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Re: TDMA - Reading the mail

You're correct but this problem could be solved by having one uplink and one
downlink channel assigned as the "calling frequency." Only callsigns would
be broadcast on this channel. Since the transmission of a callsign or a pair
of callsigns digitally would take only a few milliseconds hundreds if not
thousands of stations could share this uplink. The software in each ground
station only has to have a minimum retransmission interval that limits the
channel utilization of each station to a small fraction of a percent of the
total channel capacity. Each ground station also has to randomize the start
time of each transmission so that all stations don't bunch together their

This method is essentially the Aloha access mothod that was used
experimentally in the 1970's and seems somewhat inefficient in that it only
uses a maximum of 18% of the channel capacity. However, it is much more
efficient that 100 stations shouting over each other on an analog channel.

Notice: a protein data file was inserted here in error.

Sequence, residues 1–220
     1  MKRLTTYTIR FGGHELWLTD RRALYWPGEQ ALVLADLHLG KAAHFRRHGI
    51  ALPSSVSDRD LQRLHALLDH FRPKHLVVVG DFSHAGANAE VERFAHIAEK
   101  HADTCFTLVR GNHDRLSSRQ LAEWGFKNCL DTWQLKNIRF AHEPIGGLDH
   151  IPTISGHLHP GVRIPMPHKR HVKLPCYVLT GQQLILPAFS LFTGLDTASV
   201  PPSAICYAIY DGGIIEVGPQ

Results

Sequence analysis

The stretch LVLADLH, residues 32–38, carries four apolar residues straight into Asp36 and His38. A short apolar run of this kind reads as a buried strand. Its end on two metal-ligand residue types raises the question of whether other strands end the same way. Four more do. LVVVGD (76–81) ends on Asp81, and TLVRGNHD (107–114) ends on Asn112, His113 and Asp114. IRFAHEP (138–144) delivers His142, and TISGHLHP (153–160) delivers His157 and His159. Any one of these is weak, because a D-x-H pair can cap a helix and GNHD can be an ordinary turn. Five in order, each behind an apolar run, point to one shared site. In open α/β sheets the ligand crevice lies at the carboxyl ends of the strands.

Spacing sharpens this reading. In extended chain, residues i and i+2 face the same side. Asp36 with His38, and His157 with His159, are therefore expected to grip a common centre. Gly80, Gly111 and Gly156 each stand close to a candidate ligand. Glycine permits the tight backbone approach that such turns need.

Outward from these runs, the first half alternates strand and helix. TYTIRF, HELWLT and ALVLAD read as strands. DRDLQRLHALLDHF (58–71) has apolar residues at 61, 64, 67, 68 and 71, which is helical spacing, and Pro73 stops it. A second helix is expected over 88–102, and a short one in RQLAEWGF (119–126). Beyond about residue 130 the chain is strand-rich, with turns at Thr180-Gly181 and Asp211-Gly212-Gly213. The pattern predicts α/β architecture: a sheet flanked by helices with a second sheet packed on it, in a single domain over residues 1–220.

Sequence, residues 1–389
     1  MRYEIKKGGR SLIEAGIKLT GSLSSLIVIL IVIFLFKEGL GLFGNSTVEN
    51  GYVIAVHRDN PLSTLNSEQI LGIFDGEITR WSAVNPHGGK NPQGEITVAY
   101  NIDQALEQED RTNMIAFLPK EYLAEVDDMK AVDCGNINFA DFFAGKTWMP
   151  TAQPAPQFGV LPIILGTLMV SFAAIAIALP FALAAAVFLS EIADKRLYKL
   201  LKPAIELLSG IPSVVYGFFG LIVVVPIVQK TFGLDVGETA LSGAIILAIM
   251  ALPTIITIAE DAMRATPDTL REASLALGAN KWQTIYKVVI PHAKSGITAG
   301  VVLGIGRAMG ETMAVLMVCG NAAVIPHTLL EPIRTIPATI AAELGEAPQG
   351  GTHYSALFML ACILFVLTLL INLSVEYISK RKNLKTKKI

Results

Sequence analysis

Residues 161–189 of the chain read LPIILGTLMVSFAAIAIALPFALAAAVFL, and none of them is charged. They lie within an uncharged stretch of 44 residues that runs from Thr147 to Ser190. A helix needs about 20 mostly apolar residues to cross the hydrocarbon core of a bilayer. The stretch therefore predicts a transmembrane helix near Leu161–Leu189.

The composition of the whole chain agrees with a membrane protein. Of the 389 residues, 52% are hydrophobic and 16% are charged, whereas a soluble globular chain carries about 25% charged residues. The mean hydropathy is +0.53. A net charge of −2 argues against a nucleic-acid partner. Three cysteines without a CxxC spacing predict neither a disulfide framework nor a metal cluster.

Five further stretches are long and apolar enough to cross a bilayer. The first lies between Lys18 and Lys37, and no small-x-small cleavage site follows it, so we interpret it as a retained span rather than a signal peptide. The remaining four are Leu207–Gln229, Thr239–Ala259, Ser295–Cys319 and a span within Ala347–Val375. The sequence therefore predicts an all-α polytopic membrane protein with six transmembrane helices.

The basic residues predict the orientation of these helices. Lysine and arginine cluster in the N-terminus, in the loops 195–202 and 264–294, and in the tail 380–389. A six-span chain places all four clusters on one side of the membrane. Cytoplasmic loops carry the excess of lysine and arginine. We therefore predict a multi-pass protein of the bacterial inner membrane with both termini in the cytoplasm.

The maximum eficiency could be even improved to 36% of channel capacity if
the software was made slightly more complicated and slotted Aloha was used.

The DX station would then work other stations on one channel and the list of
stations to be worked would be collected automatically from the data
arriving on the "calling frequency" channel.



----- Original Message -----
> And this is the biggest weakness, IMHO, of such a system.  If P51AA
> to go on the air on satellite, there will be a HUGE pileup.  In an analog
> system, the operator can generally pick out a callsign or two or parts of
> them from the mess.  However, in a digital system, we have a different
> problem.  If there are multiple signals of approximately equal strength
> in a satellite situation this is quite likely especially with a high
> of users), then as you point out above, we have bit errors and potentially
> enough to make the whole mess totally unusable.  Perhaps the bit errors
> might be small enough that one could still pick out bits of calls.  I am
> also bothered by the "FM" characteristics of complete capture of the
> strongest signals.  The problems we now experience on UO-14 would be
> magnified particularly if the orbit is a high one.
> -------------------------------------
> Jon Ogden
> NA9D (ex: KE9NA)

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